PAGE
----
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Response to Madeline Clark

To the editor:

This letter is in response to Madeline Clark’s recent Guest Commentary. I know Maddie slightly as our circles intersect occasionally. I am saddened to read of her profound discouragement in her efforts to build a better world.

I am oldish, but I remember well the painful idealism of my youth. It seemed my heart bled for all the pain in the world. How could humans be so cruel? What of truth? What of justice? I grew up at a time of social change. The civil rights movement struggled between peaceful protests and riots. Great leaders were assassinated. I went through college during the final years of the war in Vietnam; friends were injured there. It was a time of famine in Africa and Bangladesh. It was the peak of the Cold War with the threat of nuclear annihilation. We became increasingly aware of the fragility of our planet. I lived not far from the industrial toxic waste of Love Canal.

There were plenty of avenues in which to become active, but progress seemed imperceptible. It became clear to me that I could not carry the emotional burden inside myself for the inequities of the world. I came to understand that the most important thing was to live my life according to my values. My ideals have not changed much over the decades, and I continue to work for various causes. But realizing that the only thing I could really control was my own choices eased the emotional burden of an idealist living in an imperfect world. One does the work because it is a just cause without knowing whether change will come.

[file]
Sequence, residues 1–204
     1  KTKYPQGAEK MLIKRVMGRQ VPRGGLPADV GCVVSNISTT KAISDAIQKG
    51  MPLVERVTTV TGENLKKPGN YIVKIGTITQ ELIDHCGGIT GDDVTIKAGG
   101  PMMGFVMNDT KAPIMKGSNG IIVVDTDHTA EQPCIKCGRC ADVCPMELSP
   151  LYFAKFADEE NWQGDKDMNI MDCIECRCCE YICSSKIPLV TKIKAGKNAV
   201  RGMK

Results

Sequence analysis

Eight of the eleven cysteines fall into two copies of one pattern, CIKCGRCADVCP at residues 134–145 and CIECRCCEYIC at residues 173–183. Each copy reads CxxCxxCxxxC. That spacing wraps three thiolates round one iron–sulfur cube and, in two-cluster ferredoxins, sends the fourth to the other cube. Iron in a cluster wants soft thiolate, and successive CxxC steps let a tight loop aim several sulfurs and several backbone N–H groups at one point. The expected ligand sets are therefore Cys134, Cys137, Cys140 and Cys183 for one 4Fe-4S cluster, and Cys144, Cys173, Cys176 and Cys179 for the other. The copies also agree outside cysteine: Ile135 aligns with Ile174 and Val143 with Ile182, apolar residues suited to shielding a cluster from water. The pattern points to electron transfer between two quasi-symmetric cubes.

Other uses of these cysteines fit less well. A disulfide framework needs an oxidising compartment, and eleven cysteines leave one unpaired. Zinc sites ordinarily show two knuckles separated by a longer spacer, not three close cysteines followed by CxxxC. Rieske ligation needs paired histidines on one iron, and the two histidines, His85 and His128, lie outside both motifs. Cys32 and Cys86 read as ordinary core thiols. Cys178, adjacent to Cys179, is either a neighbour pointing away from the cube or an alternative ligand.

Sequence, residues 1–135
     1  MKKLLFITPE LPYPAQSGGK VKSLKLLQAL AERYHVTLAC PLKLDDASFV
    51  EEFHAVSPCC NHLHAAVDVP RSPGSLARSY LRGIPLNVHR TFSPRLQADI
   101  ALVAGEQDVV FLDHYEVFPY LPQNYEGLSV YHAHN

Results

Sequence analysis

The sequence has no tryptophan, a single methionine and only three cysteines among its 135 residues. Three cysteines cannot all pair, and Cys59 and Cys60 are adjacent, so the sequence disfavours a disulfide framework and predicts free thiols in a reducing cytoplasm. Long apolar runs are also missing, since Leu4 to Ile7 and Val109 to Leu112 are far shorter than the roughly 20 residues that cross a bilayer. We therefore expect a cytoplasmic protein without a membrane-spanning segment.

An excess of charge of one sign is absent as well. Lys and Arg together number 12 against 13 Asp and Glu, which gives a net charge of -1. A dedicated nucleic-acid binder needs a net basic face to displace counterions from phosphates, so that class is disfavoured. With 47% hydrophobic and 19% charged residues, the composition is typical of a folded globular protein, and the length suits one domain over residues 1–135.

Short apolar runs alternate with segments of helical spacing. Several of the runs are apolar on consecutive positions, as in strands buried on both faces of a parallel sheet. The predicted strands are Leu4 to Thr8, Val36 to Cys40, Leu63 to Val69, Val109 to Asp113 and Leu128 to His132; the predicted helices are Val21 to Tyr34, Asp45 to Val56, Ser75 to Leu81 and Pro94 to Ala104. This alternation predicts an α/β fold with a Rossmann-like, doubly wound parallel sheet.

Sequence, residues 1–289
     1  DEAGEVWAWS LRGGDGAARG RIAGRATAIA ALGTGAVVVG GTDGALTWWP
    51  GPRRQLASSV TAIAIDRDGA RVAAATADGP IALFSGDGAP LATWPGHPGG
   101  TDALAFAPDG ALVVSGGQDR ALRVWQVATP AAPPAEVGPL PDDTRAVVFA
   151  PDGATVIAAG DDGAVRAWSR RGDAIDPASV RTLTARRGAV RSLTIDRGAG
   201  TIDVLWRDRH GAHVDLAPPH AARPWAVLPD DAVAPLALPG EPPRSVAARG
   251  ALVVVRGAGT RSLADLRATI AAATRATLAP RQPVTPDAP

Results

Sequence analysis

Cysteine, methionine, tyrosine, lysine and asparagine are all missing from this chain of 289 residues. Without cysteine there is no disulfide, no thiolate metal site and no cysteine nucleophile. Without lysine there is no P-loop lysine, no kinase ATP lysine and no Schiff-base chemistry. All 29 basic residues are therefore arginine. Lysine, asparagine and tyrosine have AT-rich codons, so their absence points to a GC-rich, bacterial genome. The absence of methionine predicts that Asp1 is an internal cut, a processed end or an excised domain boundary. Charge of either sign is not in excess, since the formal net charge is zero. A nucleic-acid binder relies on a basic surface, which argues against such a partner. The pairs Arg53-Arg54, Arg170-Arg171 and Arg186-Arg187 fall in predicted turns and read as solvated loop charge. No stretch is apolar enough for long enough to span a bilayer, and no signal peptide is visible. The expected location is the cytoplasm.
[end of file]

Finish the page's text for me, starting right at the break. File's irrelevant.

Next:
The wisdom of two great leaders comes to mind. First is Martin Luther King Jr., who said, “The arc of the moral universe is long, but it bends toward justice.” The second is Mother Theresa: “We can do no great things, only small things with great love.”

I am also much focused on communication, particularly on the art of listening. If we cannot listen to others without judgment, strive to understand what is behind their words, accept that there are different points of view, we build barriers instead of bridges. Above all, one must have compassion — compassion for all our imperfections.

Maddie, I hope you do not give up your ideals or your energy. And I hope you find the inner peace to carry on.

Peggy Wiltberger

Saranac Lake

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